Supervisory Control and Data Acquisition (SCADA) systems are used for remote monitoring and control in the delivery of essential services products such as electricity, natural gas, water, waste treatment and transportation. SCADA software runs on regular computers, but is used by owners of critical infrastructure and other various types of industrial facilities to monitor and control industrial processes.
This blog post will introduce SCADA systems fundamentals that will help analyze security considerations.
Remote monitoring is widely considered one of the most difficult applications to do in a cost-effective way. Remote monitoring using SCADA systems has traditionally been a very difficult and expensive task. SCADA systems have traditionally used their own communications networks, and the security has been largly based on keeping the SCADA network separate from public networks and fact that not many people know the special protocols used on those systems (=security by obscurity).
Internet technologies have made the remote monitoring easier and more cost effective in many applications, but on the other hand has created new set of risks related to hacking. If you connect a remote monitoring system that uses insecure communications protocol to Internet, sooner or later somebody can figure out how to hack into your system. If your system is just doing monitoring, somebody hacking can stop our communications or worse can feed you with false data. If your remote monitoring system is also used to control something, then risks are far greater.
There isn’t a single security solution capable of addressing all existing and future risks. It’s necessary to implement a series of different defenses across the system. Deploy safeguards throughout the platform to provide a robust protection against the vast majority of attacks.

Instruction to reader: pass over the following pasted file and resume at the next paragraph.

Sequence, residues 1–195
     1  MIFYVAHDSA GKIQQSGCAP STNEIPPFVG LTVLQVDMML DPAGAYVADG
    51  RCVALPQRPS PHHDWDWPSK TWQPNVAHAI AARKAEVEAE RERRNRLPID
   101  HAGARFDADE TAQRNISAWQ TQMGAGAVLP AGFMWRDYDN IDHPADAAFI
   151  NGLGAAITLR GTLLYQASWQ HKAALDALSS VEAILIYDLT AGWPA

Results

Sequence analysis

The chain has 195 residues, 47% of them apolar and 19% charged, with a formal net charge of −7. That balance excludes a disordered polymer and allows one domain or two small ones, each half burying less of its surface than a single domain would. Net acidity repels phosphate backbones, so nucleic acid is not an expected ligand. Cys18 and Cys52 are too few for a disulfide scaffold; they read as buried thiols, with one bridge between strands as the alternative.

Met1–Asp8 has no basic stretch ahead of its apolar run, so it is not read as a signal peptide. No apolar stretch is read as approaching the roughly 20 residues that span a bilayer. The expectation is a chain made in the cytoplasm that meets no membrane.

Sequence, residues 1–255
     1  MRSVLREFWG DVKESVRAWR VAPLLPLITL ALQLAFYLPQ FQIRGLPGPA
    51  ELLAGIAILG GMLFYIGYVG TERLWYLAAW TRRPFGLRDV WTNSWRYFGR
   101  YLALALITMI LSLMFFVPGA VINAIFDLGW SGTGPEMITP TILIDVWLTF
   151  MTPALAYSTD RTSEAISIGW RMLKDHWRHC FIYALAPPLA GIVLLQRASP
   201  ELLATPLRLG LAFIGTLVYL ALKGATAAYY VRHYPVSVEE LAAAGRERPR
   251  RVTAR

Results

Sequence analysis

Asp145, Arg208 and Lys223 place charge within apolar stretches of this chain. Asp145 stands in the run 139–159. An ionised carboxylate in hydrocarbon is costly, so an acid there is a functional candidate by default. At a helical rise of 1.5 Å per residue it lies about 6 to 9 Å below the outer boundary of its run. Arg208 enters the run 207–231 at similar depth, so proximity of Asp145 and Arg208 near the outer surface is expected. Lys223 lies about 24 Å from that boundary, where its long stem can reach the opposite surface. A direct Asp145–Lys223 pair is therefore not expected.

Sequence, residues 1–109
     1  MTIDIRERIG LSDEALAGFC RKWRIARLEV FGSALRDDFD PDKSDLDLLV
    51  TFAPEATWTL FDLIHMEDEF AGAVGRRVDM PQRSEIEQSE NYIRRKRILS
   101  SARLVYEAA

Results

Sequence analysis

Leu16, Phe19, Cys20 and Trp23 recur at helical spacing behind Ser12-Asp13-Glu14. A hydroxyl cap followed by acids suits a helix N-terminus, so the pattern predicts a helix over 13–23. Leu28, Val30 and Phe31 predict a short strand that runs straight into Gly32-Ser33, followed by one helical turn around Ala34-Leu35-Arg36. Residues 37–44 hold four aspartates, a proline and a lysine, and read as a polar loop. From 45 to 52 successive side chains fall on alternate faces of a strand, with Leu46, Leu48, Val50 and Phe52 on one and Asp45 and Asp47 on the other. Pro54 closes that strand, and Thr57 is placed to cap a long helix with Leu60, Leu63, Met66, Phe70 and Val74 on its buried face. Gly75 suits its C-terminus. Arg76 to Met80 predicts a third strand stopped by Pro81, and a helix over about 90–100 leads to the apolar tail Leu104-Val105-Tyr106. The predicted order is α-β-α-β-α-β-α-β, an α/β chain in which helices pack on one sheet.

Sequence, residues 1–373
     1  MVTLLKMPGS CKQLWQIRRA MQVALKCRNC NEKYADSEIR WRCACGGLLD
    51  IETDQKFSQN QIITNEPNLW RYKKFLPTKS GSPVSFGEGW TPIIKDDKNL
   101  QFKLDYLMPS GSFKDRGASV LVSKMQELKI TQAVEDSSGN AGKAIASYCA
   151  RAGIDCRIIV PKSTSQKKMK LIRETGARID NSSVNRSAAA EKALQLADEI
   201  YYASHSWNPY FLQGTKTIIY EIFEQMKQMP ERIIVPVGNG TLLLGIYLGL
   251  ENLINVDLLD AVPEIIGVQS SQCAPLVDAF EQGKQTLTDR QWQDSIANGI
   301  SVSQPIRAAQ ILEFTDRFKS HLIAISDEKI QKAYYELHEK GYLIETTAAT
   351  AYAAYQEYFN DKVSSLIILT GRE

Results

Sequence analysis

Modern SCADA systems are typically designed for security using platforms similar to typical networked clients, such as laptops and workstations. There are also some specific considerations. Security systems easily become complicated. Unfortunately as the complexity of securing devices increases, so does the risk of vulnerabilities slipping past equipment manufacturers and IT organizations. Industrial control systems (ICS), distributed control systems (DCS), supervisory control and data acquisition systems (SCADA) have all been around for decades, but thanks to Stuxnet, DuQu and other major incidents, these systems have recently began receiving serious security consideration.
Cyber security is war. You have to defend your systems from all sorts of outside attackers, and if one that’s skilled and determined gets you in his sights, defending yourself may be tougher than you think. Once an attacker breaks through a hardened perimeter, moving around inside is usually pretty easy. That’s why defense in depth with incident detection, response, and attribution is so important.
Security is all about layers. You can’t ever block everything on one place so you need layers of security to protect yourself. The enterprise can put lots of devices and layers to protect themselves and customers, because you can’t be 100 percent protected against everything with only one solution.
Want it Secure? Target Both Design and Data Security article says that in today’s increasingly connected world, security applies to servers as well as mobile and remote embedded devices. The latter are often exposed to physical tampering while data travelling over networks is exposed to compromise and hacking. Security depends on securing the complete connected universe.